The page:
1) If your ages are significantly different. This will impact when you can start easily accessing the retirement accounts when you are 55 or 59.5. In addition you also need to consider when RMDs start at 72. My wife is five years older than I am so this makes a significant difference for us.

2) You are likely to retire at different times. The person still working may not be able to withdraw money from a 401k until they retire.

3) My state, Georgia, has a retirement income exclusion of $65K, so it is $130 total for a couple once they are 65. Below that amount you do not pay state income tax. The catch is that this is per person so it matters who owns the different retirement accounts. For example if I withdraw $75K from my IRA but my wife withdraws $0 from her account then I could only exclude $65K and we would pay state taxes on the other $10K since we cannot combine the exclusion amount.

4) Backdoor Roths may be limited if you have other IRA accounts in your name. If you expect to do backdoor Roths then it might make sense to not put money into an IRA and put it into a spouse's retirement account instead.
I’m glad Watty pointed out the above issues.

The age difference and retirement income exclusion for state taxes also applies to me and my husband. While we didn’t create any major tax problems by not paying more attention to them, we probably could have done a better job with our 401(k) contributions in terms of whose accounts we prioritized and the timing of future RMDs.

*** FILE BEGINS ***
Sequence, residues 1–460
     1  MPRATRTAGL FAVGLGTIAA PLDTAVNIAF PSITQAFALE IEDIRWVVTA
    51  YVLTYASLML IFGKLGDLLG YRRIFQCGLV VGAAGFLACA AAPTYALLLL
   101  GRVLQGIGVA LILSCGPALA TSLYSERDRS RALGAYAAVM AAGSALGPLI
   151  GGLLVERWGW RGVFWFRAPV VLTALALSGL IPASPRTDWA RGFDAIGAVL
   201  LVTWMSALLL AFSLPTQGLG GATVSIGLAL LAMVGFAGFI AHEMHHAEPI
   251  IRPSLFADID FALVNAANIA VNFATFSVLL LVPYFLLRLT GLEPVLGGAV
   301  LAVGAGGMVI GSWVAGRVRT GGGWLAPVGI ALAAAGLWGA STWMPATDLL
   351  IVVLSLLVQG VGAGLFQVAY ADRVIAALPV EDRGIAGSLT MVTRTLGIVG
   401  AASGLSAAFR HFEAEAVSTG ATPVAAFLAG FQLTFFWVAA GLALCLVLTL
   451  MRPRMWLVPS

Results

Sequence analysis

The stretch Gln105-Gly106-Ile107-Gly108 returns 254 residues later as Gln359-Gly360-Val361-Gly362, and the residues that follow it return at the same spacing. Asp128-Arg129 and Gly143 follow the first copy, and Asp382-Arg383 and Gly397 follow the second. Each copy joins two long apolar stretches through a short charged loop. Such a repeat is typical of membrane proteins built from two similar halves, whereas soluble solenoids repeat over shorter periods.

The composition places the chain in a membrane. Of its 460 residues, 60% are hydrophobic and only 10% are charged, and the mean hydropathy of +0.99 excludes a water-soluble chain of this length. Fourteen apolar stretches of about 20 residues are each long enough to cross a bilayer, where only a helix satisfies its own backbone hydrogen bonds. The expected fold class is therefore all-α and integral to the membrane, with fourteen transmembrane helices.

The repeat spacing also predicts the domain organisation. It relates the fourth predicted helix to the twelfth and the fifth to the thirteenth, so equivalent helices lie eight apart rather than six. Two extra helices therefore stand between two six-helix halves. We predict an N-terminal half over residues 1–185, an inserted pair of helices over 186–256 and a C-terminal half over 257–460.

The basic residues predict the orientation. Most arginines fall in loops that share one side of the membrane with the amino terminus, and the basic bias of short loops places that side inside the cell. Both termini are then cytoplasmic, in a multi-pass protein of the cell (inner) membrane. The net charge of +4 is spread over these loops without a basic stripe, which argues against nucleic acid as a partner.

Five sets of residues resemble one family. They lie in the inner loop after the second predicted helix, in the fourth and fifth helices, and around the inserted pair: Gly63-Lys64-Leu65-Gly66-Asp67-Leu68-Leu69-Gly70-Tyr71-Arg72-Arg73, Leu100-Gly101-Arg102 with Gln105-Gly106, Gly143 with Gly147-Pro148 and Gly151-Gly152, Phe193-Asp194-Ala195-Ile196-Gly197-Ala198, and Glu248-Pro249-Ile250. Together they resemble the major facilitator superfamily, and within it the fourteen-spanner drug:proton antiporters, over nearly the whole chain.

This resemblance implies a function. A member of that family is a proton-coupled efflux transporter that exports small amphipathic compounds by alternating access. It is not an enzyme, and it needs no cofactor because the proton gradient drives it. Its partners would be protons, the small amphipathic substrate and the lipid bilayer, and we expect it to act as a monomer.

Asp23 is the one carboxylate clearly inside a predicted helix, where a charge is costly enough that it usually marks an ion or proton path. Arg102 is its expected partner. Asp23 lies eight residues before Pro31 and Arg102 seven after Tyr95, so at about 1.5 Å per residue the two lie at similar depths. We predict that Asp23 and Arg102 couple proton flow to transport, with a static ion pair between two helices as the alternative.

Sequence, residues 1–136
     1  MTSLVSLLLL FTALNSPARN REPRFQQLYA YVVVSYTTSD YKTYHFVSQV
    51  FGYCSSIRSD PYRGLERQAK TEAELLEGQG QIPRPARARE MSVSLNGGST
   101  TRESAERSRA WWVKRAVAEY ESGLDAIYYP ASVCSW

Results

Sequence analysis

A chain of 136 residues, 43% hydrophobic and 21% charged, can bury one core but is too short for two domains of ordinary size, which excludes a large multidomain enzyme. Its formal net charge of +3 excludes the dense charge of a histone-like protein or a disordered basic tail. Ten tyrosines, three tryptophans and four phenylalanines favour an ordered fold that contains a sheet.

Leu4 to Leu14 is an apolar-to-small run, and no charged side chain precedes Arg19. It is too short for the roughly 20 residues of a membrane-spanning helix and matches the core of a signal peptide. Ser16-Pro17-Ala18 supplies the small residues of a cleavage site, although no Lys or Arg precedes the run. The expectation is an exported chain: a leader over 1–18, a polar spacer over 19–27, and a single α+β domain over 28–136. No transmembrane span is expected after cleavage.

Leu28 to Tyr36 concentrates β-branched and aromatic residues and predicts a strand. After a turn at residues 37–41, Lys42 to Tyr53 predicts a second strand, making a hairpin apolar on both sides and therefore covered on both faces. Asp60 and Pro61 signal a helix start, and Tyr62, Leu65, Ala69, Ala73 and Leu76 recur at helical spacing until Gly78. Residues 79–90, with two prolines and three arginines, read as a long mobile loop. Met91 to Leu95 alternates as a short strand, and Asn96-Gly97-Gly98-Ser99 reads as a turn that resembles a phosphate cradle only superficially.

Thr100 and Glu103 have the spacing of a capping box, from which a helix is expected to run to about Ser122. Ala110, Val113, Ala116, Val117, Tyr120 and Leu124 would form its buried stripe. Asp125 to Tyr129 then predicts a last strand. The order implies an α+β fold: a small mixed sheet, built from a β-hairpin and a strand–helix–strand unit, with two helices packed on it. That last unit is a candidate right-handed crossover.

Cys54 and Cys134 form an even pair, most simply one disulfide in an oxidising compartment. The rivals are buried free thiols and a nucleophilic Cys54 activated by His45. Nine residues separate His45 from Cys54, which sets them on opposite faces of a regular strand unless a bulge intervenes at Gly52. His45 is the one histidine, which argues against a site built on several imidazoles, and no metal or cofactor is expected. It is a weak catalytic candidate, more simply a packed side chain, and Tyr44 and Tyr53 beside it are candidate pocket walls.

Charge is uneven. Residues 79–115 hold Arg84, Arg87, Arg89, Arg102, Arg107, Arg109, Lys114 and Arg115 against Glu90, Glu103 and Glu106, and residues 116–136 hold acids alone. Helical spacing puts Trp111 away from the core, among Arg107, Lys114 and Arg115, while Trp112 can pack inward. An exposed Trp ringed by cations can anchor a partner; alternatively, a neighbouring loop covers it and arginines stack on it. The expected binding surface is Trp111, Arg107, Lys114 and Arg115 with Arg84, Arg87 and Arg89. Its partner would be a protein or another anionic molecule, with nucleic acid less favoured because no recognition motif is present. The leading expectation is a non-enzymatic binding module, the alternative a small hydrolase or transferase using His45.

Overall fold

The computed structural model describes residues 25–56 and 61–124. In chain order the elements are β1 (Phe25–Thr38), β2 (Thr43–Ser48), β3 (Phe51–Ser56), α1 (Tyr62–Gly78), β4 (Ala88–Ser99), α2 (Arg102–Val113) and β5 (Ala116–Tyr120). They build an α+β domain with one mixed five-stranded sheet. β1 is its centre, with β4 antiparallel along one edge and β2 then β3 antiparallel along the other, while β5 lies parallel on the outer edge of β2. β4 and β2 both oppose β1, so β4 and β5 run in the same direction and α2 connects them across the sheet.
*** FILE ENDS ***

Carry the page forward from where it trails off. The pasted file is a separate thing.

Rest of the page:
On the other hand, at one point we didn’t know what state we would retire in so we couldn’t do planning to optimize the exclusion.
One thing that humbles me deeply is to see that human genius has its limits while human stupidity does not. - Alexandre Dumas, fils
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celia
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Re: Equalizing retirement accounts with spouse

Post by celia »

SilverGuitar wrote: Sat May 22, 2021 1:43 pm In our case, this would probably be the ordering of priorities:

1. Max my 401k with match (doing).
2. Max her HSA (doing).
3. Max our Roth IRAs (don't have enough yet, though there is an inheritance coming that could fund these for a few years).
4. Max my wife's optional retirement plan (outside of her pension), which has better investment options than my 401k.
5. Max my own 401k. Options not as good as hers, but it's still obviously tax-advantaged.
6. THEN - consider taxable investments.
You don’t want to save primarily in tax-deferred as too much will surprise you with a “tax torpedo” when RMDs start at age 72. Even trying to do Roth conversions in early retirement can be a challenge. And if you don’t have savings in taxable accounts, how will you pay the taxes when you want to convert?

Moderation/ diversification among Taxable, tax-deferred, and Roth is better. They don’t need to be equal but you should think long-term. When you both retire some day, what do both of you wish your portfolio looked like? Here is some valuable reading for you by early and not-so-early retirees:

viewtopic.php?f=1&t=337660&p=5763312

Also see my signature line at the end of this post.

I'm intrigued to learn more about the implications of disparities in retirement with regards to Medicaid coverage for long-term care...
You don’t want to plan for Medicaid coverage. This is state specific but generally means your assets are only $2,000 or less, not counting a house owned jointly. It is for the indigent and you probably won’t like the level of care.
A dollar in Roth is worth more than a dollar in a taxable account. A dollar in taxable is worth more than a dollar in a tax-deferred account.